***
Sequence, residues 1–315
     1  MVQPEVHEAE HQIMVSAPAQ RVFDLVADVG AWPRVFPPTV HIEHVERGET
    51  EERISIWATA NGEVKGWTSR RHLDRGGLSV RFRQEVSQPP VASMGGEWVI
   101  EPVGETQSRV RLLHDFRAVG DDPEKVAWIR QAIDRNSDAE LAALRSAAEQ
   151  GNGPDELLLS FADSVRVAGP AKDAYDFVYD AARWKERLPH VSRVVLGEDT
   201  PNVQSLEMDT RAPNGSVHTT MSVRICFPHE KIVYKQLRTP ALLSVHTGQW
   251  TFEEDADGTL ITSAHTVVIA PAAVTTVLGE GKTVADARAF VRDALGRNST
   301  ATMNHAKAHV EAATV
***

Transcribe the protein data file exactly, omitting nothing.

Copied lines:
Sequence, residues 1–315
     1  MVQPEVHEAE HQIMVSAPAQ RVFDLVADVG AWPRVFPPTV HIEHVERGET
    51  EERISIWATA NGEVKGWTSR RHLDRGGLSV RFRQEVSQPP VASMGGEWVI
   101  EPVGETQSRV RLLHDFRAVG DDPEKVAWIR QAIDRNSDAE LAALRSAAEQ
   151  GNGPDELLLS FADSVRVAGP AKDAYDFVYD AARWKERLPH VSRVVLGEDT
   201  PNVQSLEMDT RAPNGSVHTT MSVRICFPHE KIVYKQLRTP ALLSVHTGQW
   251  TFEEDADGTL ITSAHTVVIA PAAVTTVLGE GKTVADARAF VRDALGRNST
   301  ATMNHAKAHV EAATV